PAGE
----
Walter wishes to reunite his family, but Skyler is still suspicious of Walter's second life. Walter believes he can mend the tension between them by confessing to her that he has been producing meth. Skyler is appalled by the confession and demands a formal divorce. Meanwhile, Gus offers to pay Walter three million dollars for three months of his service. He even offers to provide Walter with a state-of-the-art production facility and a brilliant lab assistant, Gale (David Costabile). Jesse is continuing to produce and sell meth by himself. Hank is working with the DEA to investigate Jesse and is slowly gathering evidence to make an arrest. Jesse threatens to report Walter to the police if he is arrested, but Walter offers him Gale's position at the lab. After obtaining the position, Jesse begins stealing meth from the lab and selling it in secret on the side. Jesse gets romantically involved with a woman he meets in his rehab group and learns her kid brother, age 11, was put up by Gus and his street dealers to kill Combo. Jesse decides to avenge Combo. Walter aids Jesse in escaping from Gus's wrath. Gus begins to lose trust in Walter and asks Gale to take over the lab. He orders his henchmen to kill Walter and Jesse. After he is abducted by the henchmen, Walter instructs Jesse over the phone to kill Gale in order to force Gus not to kill Walter (and, by extension, Jesse) lest he eliminate his only remaining trained chemist.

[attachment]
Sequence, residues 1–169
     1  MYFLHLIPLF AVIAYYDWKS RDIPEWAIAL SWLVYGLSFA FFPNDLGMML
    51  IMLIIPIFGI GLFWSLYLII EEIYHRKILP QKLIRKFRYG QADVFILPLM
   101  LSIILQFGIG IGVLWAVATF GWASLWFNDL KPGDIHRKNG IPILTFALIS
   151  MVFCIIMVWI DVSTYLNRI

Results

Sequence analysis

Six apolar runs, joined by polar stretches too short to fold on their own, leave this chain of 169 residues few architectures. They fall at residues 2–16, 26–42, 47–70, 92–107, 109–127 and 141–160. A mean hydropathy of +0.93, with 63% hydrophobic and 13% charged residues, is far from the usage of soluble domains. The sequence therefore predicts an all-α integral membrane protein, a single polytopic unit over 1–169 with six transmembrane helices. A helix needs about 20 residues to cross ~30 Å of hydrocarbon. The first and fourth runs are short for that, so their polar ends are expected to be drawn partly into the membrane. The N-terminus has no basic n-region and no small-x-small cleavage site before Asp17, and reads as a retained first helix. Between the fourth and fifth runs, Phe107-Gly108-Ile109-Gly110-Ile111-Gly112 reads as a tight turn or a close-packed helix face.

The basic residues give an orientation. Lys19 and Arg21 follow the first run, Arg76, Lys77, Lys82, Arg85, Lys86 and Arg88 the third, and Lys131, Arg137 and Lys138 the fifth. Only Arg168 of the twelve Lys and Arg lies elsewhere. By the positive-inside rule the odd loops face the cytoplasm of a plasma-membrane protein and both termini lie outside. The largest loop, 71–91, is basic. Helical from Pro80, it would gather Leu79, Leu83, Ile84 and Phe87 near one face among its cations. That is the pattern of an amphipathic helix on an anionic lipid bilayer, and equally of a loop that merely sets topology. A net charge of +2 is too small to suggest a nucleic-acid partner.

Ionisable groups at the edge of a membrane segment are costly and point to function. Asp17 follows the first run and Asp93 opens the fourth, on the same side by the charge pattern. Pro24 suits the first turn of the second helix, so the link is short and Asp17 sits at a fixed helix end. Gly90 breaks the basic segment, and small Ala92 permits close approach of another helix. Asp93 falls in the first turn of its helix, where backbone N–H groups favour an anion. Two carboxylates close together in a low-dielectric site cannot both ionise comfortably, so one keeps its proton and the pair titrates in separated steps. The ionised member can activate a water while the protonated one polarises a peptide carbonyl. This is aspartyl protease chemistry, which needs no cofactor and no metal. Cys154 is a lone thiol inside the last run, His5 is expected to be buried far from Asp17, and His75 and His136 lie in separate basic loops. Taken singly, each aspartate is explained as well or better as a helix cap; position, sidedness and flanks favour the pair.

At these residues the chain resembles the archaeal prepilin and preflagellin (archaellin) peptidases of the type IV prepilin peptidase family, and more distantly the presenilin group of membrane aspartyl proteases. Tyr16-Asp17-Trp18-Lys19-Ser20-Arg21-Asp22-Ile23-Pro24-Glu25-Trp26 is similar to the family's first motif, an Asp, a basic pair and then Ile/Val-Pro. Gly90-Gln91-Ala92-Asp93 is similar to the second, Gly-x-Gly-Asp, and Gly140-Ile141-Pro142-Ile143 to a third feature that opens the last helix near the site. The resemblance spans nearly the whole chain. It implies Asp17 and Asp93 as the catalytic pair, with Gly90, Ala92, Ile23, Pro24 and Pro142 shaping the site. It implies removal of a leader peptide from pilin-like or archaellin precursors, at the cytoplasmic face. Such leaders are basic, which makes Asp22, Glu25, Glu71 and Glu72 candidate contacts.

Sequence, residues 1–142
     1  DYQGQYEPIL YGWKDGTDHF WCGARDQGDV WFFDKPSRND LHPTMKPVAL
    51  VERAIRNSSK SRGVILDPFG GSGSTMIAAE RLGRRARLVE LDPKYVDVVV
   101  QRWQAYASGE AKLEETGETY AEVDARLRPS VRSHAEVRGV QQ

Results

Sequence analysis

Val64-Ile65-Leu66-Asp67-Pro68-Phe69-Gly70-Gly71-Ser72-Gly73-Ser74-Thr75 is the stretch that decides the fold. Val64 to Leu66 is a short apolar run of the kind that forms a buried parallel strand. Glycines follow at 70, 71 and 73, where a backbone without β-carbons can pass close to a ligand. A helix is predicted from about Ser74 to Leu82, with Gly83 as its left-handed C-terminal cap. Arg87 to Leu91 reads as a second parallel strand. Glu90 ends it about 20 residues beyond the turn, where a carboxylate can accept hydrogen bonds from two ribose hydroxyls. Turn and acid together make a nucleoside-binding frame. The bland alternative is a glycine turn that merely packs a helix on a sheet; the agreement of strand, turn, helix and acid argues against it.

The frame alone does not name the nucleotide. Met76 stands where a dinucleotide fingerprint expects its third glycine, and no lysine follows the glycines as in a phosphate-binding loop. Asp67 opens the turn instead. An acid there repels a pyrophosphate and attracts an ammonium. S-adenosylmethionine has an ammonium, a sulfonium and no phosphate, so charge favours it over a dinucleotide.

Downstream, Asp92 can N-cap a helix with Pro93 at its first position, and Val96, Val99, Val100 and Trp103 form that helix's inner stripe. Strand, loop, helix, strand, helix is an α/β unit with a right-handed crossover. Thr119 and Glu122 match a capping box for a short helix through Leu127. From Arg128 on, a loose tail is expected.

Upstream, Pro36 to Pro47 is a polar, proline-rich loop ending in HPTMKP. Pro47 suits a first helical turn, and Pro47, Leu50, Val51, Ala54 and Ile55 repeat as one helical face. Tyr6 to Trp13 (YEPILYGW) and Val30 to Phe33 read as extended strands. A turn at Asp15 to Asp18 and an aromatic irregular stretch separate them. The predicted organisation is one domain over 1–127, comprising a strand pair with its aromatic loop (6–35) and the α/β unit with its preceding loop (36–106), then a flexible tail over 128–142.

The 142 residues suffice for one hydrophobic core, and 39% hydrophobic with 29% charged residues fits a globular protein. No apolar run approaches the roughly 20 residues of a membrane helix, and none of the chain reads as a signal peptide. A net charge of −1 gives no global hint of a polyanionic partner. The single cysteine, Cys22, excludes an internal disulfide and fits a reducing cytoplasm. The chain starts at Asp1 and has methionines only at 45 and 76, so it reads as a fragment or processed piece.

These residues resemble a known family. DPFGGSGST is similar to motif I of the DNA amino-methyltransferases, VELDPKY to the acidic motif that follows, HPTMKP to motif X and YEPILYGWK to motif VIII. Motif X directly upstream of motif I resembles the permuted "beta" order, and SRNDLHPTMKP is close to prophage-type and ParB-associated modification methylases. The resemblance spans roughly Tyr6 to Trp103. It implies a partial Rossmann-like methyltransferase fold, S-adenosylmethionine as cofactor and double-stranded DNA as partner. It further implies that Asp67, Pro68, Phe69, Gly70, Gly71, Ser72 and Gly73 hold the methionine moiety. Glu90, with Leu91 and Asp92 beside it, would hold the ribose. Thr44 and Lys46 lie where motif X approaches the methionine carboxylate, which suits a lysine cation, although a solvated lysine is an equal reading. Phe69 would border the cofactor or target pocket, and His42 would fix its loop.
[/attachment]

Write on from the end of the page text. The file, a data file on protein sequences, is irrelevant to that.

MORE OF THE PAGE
Season four (2011)

Main article: Breaking Bad (season 4)
On June 14, 2010, AMC announced Breaking Bad was renewed for a fourth, 13-episode season. Production began in January 2011, the season premiered on July 17, 2011, and concluded on October 9, 2011. Originally, mini episodes of four minutes in length were to be produced before the premiere of the fourth season, but these did not come to fruition.